A celebration of Europe #7 – Denmark

Denmark is a Scandinavian country comprising the Jutland Peninsula and numerous islands. It’s linked to nearby Sweden via the Öresund bridge. Denmark is considered to be one of the most economically and socially developed countries in the world. The country ranks as having the world’s highest social mobility, a high level of income equality and the lowest perceived level of corruption in the world.

Nyhavn, København, Denmark

Spandauer – Custard crowns

Preparation time: On and off most of the day
Cooking time: 15 minutes
Skill level: Involved
Makes: 10

Making the dough

Ingredients for the dough

  • active dry yeast – 7g
  • whole milk – finger warm – 75ml
  • caster sugar – 25g
  • butter – softened – 25g
  • strong white bread flour (plus extra for dusting) – 175g
  • salt – ½ tsp
  • egg – 1

Ingredients for the layers

  • butter – 175g – slightly softened

Add yeast to the warm milk and whisk together. Cover and leave in a warm place to activate the yeast – it should become frothy.

Pour into a large bowl and add the sugar and softened butter, then stir the salt into the flour and gradually add to the main mixture. Halfway through, add the egg and then the remaining flour. Keep mixing for about 5 minutes (either by hand or with a mixer and dough hook). The resulting dough should still be a bit sticky.

Cover the bowl with clingfilm and leave to rise for at least an hour or until doubled in size.

Turn the dough onto a floured surface and knead, adding more flour as required until you have a stretchy workable dough. Then roll out to a square about 25 x 25cm.

Next up, for the layering, roll out the butter between two sheets of baking paper, flatten until you have a square of about 20 x 20cm, then place it on your dough at a 45 degree angle.

Carefully fold the dough corners over the butter until completely enclosed, a kind of dough envelope. Dust with flour and carefully roll this square to a rectangle 25 x 35cm. Next fold the bottom third over the middle third and complete by folding the top third over that so you now have a smaller rectangle. The butter must stay inside the package at all times.

Place the dough on a lined baking sheet, cover with clingfilm and refrigerate for 15 minutes.

Repeat the folding process. Roll to a rectangle and fold back on itself, you will now have 9 layers of butter. Rest the dough in the fridge for another 15 minutes then repeat the rolling and folding process again, giving you 27 layers of butter. After the final rest in the fridge the dough is ready to use.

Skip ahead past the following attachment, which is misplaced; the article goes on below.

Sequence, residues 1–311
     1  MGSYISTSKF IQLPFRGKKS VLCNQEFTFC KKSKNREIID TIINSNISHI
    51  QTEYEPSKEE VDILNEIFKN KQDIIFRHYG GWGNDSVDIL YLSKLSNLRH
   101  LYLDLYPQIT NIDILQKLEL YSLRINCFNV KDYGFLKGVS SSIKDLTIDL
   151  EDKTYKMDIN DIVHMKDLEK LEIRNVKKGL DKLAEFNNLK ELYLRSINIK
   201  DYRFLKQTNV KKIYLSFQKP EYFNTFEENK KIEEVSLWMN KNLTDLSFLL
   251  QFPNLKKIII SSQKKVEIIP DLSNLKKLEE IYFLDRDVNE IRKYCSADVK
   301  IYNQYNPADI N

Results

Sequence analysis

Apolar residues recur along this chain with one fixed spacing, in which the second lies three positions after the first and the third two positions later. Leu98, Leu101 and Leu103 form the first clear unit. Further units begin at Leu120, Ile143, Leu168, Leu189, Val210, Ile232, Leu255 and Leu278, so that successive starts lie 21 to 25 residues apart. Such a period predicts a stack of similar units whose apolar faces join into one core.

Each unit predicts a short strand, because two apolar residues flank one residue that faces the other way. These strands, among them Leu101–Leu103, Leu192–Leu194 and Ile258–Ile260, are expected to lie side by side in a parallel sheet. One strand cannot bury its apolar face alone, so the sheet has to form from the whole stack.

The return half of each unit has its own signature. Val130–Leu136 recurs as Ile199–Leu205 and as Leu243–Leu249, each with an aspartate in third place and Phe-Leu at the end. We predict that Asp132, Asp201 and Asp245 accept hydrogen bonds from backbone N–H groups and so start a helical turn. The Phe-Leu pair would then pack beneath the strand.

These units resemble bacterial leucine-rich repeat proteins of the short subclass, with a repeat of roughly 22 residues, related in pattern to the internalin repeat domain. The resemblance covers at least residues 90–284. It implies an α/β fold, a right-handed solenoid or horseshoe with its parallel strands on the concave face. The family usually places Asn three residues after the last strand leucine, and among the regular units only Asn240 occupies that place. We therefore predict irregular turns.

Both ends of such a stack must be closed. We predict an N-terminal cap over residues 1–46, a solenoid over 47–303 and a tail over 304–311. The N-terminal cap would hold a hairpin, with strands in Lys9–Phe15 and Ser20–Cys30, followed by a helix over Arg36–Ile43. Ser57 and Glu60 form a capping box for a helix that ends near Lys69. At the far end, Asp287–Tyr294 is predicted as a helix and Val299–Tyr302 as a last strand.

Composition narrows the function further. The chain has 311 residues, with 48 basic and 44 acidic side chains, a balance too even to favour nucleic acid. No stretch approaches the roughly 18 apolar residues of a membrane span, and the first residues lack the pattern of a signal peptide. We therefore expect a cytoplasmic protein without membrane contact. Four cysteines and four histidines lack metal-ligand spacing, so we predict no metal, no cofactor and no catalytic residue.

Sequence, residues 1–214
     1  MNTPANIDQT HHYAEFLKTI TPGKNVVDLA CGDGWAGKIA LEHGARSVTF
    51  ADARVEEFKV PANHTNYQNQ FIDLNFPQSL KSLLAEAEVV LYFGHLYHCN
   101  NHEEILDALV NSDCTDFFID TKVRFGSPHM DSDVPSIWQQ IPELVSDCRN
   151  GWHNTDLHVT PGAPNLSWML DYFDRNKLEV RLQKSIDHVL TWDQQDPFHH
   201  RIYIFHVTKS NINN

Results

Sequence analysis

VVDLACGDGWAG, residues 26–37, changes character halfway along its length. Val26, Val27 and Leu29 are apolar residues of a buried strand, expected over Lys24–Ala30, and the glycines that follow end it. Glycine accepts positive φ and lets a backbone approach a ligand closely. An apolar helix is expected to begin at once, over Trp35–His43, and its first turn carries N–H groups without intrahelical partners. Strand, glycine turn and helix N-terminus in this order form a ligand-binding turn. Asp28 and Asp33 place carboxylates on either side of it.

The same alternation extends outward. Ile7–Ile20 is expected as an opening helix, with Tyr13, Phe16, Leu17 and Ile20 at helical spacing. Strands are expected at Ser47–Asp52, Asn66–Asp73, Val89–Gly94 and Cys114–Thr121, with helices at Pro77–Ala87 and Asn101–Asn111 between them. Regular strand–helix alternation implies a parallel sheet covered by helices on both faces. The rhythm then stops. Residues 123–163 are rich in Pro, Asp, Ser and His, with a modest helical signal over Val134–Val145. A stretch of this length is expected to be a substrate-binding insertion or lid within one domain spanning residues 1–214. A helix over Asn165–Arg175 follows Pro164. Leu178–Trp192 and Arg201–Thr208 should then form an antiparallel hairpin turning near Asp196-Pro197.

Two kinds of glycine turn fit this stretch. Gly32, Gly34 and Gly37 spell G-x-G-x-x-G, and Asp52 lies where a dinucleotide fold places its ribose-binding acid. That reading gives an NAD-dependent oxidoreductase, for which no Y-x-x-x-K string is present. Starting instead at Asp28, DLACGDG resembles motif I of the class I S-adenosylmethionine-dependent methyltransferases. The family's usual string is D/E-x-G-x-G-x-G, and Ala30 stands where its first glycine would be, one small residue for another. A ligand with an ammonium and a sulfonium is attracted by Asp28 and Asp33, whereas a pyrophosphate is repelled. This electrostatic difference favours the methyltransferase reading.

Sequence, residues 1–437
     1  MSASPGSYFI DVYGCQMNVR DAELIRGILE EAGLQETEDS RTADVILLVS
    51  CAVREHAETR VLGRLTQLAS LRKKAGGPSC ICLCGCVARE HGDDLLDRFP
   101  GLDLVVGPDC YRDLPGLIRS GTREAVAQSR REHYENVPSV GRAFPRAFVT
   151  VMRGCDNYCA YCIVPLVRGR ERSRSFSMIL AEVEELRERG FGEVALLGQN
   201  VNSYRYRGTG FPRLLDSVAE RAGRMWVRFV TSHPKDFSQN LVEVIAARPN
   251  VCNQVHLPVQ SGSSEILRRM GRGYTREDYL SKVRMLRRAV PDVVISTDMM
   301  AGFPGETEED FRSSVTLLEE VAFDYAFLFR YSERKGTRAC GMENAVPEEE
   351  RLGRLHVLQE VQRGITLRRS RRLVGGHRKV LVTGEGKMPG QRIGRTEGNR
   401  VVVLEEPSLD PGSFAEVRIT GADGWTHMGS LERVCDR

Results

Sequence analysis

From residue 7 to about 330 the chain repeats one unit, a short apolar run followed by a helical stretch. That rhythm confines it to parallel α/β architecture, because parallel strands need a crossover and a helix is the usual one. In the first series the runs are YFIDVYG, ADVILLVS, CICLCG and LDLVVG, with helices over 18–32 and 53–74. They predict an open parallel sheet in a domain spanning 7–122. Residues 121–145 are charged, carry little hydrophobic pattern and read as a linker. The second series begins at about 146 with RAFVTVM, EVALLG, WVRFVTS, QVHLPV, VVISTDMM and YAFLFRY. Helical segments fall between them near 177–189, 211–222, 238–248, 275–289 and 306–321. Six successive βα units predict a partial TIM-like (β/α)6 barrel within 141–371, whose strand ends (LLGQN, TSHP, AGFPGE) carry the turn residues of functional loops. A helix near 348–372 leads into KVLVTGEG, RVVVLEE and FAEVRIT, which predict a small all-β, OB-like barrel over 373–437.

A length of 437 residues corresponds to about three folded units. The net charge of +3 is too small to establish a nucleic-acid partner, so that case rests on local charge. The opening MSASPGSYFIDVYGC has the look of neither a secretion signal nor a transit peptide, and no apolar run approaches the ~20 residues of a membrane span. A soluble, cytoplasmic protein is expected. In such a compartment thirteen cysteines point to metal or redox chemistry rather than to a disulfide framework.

Making the marzipan


  • ground almonds – 25g
  • icing sugar – 12g
  • caster sugar – 12g
  • egg yolk – 1/4 (you’ll need the other 3/4 for making the pastry cream, below)

Mix the ground almonds, icing sugar and caster sugar.

Add the egg yolk and mix until fully combined in a smooth dough.

Wrap in clingfilm and store in the fridge (it will keep for up to a week). You could always accidentally make too much marzipan and then have to eat it at your leisure, cos hey, it’s lockdown again.

Making the remonce almond paste


  • marzipan – 50g
  • butter – 50g
  • icing sugar – 50g
  • vanilla extract – a few drops

Grate the marzipan into a bowl and then add the rest of the ingredients and mix well. The almond paste is now ready to use.

Making the pastry cream (kagecreme)


  • full fat milk – 250ml
  • vanilla pod – seeds scraped out – 1/2
  • egg – 3/4
  • caster sugar – 50g
  • cornflour – 15g
  • pinch of salt
  • butter – 12g

In a saucepan, heat milk with vanilla seeds. Whisk the egg, sugar and cornflour in a bowl until well combined.

When the milk has just reached boiling point, take off the heat and pour one third into the egg mixture, whisking continuously. Once thoroughly mixed, pour back into the remaining hot milk. Return to the heat and slowly bring to the boil, stirring continuously until the mixture thickens – for at least a minute to ensure the custard doesn’t taste of cornflour.

Remove from the heat and stir in the salt and butter.

Pour into a cold bowl and cover with a sheet of baking paper to stop the custard from forming a crust as it cools. Refrigerate before using.

Making the pastries


  • Danish pastry dough – 1 portion
  • Remonce almond paste – 1 portion
  • pastry cream – 1 portion
  • raspberry jam – some
  • egg – beaten – 1
  • icing sugar – 50g

Lightly flour a surface and roll out the dough.

Cut into 10 squares about 10cm x 10cm.

Place a generous spoonful of Remonce almond paste in the centre of each pastry square.

Fold in the corners so they meet in the middle. Squash the corners down with your thumb using the almond paste to hold them down.

Put the pastries on baking sheets lined with baking paper and cover with cling film.

Leave for 20 minutes to rise.

Preheat your oven to 200°C.

Brush each pastry with beaten egg and put a teaspoon of pastry cream (and jam if demanded by a small person of your acquaintance) in the centre.

Bake until golden brown, about 12–15 minutes, then remove and allow to cool.

Make the icing by mixing together the icing sugar with a tablespoon of boiling water. Using a piping bag, trace a spiral of icing on the pastries.

Leave a few minutes to allow the icing to set.


Verdict: I only went and made proper Danish pastries, who’d have thought it, extremely delicious.

Drink: Coffee with a glass of water chaser

Entertainment: Gave it the full Denmark and watched the final of ‘Lego Masters’.

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